Stat-Ease webinars vary somewhat in length depending on the presenter and the particular session—mainly due to breaks for questions: Plan for 45 minutes to 1.5 hours, with 1 hour being the target median.  When developing these one-hour educational sessions, our presenters often draw valuable material from Stat-Ease DOE workshops.

Attendance may be limited, so sign up soon by contacting our Communications Specialist, Karen Dulski, via karen@statease.com.  If you can be accommodated, she will provide immediate confirmation and, in timely fashion, the link with instructions from our web-conferencing vendor GotoWebinar. *(To determine the time in your zone of the world, try using this link.  We are based in Minneapolis, which appears on the city list that you must manipulate to calculate the time correctly.  Evidently, correlating the clock on international communications is even more complicated than statistics!  Good luck!)


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7: Events alert: Where and when to hear from Stat-Ease and see their latest tools

Click here for a list of upcoming appearances by Stat-Ease professionals.  We hope to see you sometime in the near future!

PS.  Do you need a speaker on DOE for a learning session within your company or technical society at regional, national, or even international levels?  If so, contact me.  It may not cost you anything if Stat-Ease has a consultant close by, or if a web conference will be suitable.  However, for presentations involving travel, we appreciate reimbursement for travel expenses.  In any case, it never hurts to ask Stat-Ease for a speaker on this topic.


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8: Workshop alert: See when and where to learn about DOE

Seats are filling fast for the following DOE classes.  If possible, enroll at least 4 weeks prior to the date so your place can be assured.  However, do not hesitate to ask whether seats remain on classes that are fast approaching!  Also, take advantage of a $395 discount when you take two complementary workshops that are offered on consecutive days.

All classes listed below will be held at the Stat-Ease training center in Minneapolis unless otherwise noted.

* Take both EDME and RSM in February to earn $395 off the combined tuition!

** Take both SDOE and DELS in February to earn $295 off the combined tuition!

*** Take both MIX and MIX2 to earn $395 off the combined tuition!

See this web page for complete schedule and site information on all Stat-Ease workshops open to the public.  To enroll, click the "register online" link on our web site or call Elicia at 612-746-2038.  If spots remain available, bring along several colleagues and take advantage of quantity discounts in tuition.  Or, consider bringing in an expert from Stat-Ease to teach a private class at your site.****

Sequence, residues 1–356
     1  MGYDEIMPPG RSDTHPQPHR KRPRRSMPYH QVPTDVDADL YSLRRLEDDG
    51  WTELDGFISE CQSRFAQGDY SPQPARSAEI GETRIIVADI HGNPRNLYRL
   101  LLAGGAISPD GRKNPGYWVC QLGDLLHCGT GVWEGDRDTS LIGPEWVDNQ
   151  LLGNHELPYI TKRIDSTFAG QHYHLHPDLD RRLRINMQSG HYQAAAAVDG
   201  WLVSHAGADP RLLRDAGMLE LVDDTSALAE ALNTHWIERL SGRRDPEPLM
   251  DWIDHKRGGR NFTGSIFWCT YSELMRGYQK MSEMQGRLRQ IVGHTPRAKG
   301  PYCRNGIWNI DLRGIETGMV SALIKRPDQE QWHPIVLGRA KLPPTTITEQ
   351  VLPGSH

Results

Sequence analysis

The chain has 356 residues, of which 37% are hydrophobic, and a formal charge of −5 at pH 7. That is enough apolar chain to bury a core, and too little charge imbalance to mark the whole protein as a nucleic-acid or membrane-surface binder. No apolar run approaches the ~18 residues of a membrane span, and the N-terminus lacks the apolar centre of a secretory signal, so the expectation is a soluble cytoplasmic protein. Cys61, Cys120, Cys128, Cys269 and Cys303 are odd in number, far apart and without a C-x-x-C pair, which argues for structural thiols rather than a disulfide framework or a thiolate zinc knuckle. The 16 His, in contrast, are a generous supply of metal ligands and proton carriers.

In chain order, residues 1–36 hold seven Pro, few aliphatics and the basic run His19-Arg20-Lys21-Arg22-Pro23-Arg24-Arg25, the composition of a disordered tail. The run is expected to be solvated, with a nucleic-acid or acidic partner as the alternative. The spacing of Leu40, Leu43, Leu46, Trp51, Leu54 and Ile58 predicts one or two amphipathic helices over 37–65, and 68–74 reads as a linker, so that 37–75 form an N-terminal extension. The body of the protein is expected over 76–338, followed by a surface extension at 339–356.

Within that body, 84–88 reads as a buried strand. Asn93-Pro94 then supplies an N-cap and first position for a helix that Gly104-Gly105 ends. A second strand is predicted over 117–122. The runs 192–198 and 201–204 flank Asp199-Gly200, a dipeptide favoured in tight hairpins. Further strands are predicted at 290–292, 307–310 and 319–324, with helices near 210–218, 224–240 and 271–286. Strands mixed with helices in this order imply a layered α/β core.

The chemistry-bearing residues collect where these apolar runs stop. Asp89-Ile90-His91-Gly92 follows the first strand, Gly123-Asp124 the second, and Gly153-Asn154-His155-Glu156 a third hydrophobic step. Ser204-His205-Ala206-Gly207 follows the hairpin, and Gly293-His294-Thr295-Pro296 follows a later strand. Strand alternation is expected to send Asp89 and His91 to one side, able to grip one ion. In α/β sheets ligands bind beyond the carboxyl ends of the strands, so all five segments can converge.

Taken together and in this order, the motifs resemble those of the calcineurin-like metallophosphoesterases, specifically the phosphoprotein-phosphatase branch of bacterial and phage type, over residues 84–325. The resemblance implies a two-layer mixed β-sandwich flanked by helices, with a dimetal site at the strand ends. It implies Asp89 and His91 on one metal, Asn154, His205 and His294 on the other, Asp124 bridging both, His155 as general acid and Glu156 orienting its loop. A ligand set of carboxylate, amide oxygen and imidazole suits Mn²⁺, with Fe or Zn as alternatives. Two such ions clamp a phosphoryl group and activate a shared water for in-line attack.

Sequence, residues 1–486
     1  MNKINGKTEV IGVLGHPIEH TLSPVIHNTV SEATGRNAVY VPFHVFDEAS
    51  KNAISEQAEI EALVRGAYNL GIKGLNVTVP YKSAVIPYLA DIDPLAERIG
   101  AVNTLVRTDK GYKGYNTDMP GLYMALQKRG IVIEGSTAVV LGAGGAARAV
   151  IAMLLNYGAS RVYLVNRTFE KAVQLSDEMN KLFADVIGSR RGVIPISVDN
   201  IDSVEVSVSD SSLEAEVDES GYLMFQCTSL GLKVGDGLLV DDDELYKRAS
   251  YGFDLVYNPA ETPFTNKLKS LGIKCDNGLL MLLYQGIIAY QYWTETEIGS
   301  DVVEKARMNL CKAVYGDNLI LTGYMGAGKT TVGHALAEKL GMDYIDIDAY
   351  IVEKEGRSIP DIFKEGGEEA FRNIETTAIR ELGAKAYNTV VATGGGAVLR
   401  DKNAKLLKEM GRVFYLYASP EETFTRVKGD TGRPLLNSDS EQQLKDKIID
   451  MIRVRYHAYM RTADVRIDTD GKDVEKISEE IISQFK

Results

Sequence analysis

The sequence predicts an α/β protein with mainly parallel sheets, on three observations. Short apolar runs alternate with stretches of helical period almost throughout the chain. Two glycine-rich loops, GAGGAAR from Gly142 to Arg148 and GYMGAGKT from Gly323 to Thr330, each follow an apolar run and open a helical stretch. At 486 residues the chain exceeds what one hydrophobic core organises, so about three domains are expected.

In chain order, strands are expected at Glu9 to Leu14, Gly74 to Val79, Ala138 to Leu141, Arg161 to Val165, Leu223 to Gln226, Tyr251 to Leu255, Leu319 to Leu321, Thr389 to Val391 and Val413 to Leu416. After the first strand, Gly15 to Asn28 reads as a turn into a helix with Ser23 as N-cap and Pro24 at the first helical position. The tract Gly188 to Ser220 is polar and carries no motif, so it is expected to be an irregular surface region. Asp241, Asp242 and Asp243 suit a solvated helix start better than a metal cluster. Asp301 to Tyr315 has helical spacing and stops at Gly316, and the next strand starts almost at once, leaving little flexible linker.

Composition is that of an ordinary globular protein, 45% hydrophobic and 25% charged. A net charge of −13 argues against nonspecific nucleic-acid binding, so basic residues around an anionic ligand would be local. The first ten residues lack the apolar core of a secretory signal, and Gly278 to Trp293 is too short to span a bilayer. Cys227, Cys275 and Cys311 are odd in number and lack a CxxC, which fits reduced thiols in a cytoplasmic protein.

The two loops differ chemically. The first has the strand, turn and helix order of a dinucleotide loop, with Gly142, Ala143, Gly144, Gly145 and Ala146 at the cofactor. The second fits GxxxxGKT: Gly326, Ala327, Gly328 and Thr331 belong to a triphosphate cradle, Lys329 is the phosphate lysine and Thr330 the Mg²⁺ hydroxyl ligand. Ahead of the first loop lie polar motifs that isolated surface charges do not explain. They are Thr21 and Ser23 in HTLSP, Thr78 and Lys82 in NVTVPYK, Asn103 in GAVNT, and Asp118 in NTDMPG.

****Once you achieve a critical mass of about 6 students, it becomes very economical to sponsor a private workshop, which is most convenient and effective for your staff.  For a quote, e-mail workshops@statease.com.


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Please do not send me requests to subscribe or unsubscribe—follow the instructions at the very end of this message.
I hope you learned something from this issue. Address your general questions and comments to me at: mark@statease.com.

Sincerely,

Mark

Mark J. Anderson, PE, CQE
Principal, Stat-Ease, Inc.
2021 East Hennepin Avenue, Suite 480
Minneapolis, Minnesota 55413 USA


PS. Quote for the month—sage words from DOE guru George Box:


"
If we could begin by just getting engineers to run a few simple designs, this will usually whet their appetite for more. For there are hundreds of thousands of engineers in this country, and even if the 2^3 was the only design they ever used, and even if the only method of analysis that was employed was to eyeball the data, this alone could have an enormous impact on the experimental efficiency, the rate of innovation, and the competitive position of this country.


—George Box


Trademarks:
Stat-Ease, Design-Ease, Design-Expert and Statistics Made Easy are registered trademarks of Stat-Ease, Inc.

Acknowledgements to contributors:
—Students of Stat-Ease training and users of Stat-Ease software
Stat-Ease consultants Pat Whitcomb, Shari Kraber, Wayne Adams and Brooks Henderson
—Statistical advisor to Stat-Ease: Dr. Gary Oehlert
Stat-Ease programmers led by Neal Vaughn
—Heidi Hansel Wolfe, Stat-Ease marketing director, Karen Dulski, and all the remaining staff that provide such supreme support!

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DOE FAQ Alert ©2011 Stat-Ease, Inc.